Can Plant-Based Food Make You Constipated?

Most people think vegans have no problem going to the toilet. Constipation is not a common discussion point on most vegan/plant based message boards. But it does happen sometimes. So can plant-based food make you constipated? Let’s look a little closer …


Can Plant-Based Food Make You Constipated?

 For most people, plant based food will not make you constipated due to the high fibre content of this kind of diet. Dietary fibre usually has the opposite effect although there are some people for whom this is not the lived experience. 


Many of us have endured it at some point in our lives and know that constipation is no fun. Sitting on the pan for what feels like an eternity and passing just a little pellet, if you’re lucky, is not the way things are supposed to work.

A healthy digestive process should result in 1-3 decent movements every day. Any less than this and you’re entering the realms of constipation. If you’re only passing once every 3 days or so then the situation needs addressing.

Constipation is rarely life-threatening but can lead to other complications which may translate into more serious ailments. A rectal prolapse, for example, is an extremely painful condition which is not something anyone should have to go through!

Related: Does Vegan Cheese Cause Constipation?


Why Am I Not Pooping On a Plant-Based Diet?

A plasticine man sitting on the toilet. Lower fat intake, not enough (or too much!) fibre and not enough water can all be reasons you’re not pooping on a plant based diet.

Food sensitivities could also be a culprit. Gluten, for example, can be tolerated badly in the gut leading to constipation and other digestive issues.

Fat is worth looking at a little closer. Shifting to a plant based diet can often mean a significant lowering of your fat intake. Dairy and many meats tend to be high in fat … and it’s not good fat.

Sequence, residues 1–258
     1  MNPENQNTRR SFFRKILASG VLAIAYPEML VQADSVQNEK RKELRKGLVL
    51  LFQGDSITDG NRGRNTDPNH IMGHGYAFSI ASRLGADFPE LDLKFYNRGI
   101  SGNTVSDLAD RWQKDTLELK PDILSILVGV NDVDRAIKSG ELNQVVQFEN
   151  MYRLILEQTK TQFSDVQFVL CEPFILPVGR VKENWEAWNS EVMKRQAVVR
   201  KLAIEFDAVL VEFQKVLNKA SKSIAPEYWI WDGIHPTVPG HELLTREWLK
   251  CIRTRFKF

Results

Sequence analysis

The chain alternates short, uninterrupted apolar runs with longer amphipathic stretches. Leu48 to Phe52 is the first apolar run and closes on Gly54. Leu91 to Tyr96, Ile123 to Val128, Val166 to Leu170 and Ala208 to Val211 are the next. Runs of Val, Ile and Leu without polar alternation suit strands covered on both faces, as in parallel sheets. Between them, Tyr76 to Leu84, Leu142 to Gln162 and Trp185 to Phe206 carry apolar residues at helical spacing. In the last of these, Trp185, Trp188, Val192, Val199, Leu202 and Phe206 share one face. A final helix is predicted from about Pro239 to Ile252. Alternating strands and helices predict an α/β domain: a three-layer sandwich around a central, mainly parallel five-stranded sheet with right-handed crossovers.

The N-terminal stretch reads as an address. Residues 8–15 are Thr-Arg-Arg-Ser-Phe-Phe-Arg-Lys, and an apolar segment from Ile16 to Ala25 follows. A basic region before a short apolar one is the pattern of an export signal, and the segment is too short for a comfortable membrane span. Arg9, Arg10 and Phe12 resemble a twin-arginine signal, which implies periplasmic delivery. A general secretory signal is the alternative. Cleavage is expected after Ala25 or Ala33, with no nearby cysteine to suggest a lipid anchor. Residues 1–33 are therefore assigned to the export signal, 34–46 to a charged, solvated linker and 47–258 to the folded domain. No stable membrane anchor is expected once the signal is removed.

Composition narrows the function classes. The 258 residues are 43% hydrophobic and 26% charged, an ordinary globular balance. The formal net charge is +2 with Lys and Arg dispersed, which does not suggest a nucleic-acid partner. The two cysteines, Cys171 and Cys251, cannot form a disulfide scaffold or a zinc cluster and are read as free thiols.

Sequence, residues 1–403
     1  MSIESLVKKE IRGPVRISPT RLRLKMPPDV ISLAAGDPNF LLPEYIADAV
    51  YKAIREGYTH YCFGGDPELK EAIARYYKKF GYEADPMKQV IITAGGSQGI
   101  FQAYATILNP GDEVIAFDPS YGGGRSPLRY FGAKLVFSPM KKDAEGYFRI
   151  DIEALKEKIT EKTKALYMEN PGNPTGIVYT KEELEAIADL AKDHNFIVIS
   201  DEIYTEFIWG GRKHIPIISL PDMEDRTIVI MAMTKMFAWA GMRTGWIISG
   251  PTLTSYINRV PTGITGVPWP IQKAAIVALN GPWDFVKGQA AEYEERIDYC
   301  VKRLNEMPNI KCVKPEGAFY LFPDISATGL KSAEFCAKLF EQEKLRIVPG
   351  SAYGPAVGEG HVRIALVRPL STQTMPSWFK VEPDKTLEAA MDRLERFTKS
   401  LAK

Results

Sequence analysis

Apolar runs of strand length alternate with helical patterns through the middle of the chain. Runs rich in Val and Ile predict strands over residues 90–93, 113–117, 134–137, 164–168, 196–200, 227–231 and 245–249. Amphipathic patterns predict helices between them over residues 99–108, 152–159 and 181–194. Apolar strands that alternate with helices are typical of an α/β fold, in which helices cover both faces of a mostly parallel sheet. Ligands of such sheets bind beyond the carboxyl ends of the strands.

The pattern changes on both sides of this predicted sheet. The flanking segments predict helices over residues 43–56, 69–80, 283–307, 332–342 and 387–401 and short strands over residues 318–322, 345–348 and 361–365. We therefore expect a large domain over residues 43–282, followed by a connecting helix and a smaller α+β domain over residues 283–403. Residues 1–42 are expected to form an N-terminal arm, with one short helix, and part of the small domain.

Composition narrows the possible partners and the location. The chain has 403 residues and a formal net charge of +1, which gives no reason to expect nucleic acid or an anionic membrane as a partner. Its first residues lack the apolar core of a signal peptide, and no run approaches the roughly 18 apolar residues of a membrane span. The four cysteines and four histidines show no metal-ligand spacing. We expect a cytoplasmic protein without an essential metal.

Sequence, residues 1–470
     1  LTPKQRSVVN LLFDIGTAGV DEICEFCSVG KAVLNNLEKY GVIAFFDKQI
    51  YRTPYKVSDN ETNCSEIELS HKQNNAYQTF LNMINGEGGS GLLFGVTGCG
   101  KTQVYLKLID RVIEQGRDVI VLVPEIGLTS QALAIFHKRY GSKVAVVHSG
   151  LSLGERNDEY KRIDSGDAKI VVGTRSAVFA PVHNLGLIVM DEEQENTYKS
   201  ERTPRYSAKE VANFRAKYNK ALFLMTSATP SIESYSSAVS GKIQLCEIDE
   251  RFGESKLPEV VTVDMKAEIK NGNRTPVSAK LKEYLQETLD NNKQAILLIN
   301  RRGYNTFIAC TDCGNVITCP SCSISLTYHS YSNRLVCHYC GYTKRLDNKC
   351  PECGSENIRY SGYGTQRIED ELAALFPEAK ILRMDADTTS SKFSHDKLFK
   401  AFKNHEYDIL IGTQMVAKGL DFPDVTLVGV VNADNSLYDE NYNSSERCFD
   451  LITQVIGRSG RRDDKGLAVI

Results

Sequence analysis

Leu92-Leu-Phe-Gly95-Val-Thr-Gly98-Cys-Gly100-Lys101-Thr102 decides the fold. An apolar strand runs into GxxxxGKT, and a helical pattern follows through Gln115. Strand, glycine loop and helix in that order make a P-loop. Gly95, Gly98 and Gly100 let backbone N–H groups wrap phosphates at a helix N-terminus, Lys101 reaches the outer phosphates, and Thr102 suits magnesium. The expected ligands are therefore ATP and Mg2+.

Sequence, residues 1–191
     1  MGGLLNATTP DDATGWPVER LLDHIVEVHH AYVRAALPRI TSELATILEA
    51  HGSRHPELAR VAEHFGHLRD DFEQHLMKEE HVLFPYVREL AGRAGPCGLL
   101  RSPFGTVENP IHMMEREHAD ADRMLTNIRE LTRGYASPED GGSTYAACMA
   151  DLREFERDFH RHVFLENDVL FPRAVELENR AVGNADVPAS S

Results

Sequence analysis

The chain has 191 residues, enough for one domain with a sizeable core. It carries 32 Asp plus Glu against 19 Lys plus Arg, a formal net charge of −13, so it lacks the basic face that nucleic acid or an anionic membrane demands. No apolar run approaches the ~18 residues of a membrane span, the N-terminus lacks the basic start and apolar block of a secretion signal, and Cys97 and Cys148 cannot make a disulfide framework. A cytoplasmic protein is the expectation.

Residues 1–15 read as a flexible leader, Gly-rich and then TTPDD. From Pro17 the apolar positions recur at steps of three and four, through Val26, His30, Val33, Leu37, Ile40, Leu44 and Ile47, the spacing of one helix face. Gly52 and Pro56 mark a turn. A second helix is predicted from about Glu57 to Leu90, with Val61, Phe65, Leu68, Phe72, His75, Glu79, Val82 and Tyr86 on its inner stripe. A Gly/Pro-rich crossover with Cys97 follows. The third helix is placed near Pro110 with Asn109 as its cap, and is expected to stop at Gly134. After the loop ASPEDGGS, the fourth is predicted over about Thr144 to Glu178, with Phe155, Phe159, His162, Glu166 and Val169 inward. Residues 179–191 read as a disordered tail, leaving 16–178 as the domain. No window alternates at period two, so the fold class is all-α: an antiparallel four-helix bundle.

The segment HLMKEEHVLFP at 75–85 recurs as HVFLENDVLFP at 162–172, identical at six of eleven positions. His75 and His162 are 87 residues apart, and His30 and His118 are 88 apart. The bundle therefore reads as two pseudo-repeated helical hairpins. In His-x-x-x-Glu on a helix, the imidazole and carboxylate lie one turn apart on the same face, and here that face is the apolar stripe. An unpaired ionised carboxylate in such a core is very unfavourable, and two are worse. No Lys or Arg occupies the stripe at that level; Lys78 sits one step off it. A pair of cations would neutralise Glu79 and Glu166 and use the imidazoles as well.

Less fatty foods passing through the GI tract means less lubrication and it can slow the passage of the stool.

If you think your fat intake is low, try increasing the good fats in your plant based regimen. Avocados especially are a great source of good fats.

Another problem could be that you’re eating too much junky type food …


Vegan ‘Junk Food’ Could Be The Problem

Dirty burger with a glass of beer.

‘Plant based’ is the buzzword of the moment and it’s no secret that thousands of people are switching to a vegan diet on a daily basis. Incidentally, veganism is not actually a diet but many have conflated it with the plant based craze.

Although that’s another article!

The food marketing industry has not let this situation pass them by. All the big supermarkets now have sizeable plant based ranges and with this explosion in choice comes the inevitable rise of the ‘junk food vegan’.

Now don’t get me wrong. Before you go off your head swearing at me because you think I’m preaching at you to avoid junk food, just know that is not what we’re discussing here.

Oh … sorry … I forgot this isn’t Twitter 😉

Just because it’s plant based, doesn’t mean it’s not junk food. There are plenty of people who decide to go plant based for whatever reasons, replacing the meat and dairy with ultra processed food (UPF) labelled ‘plant-based’.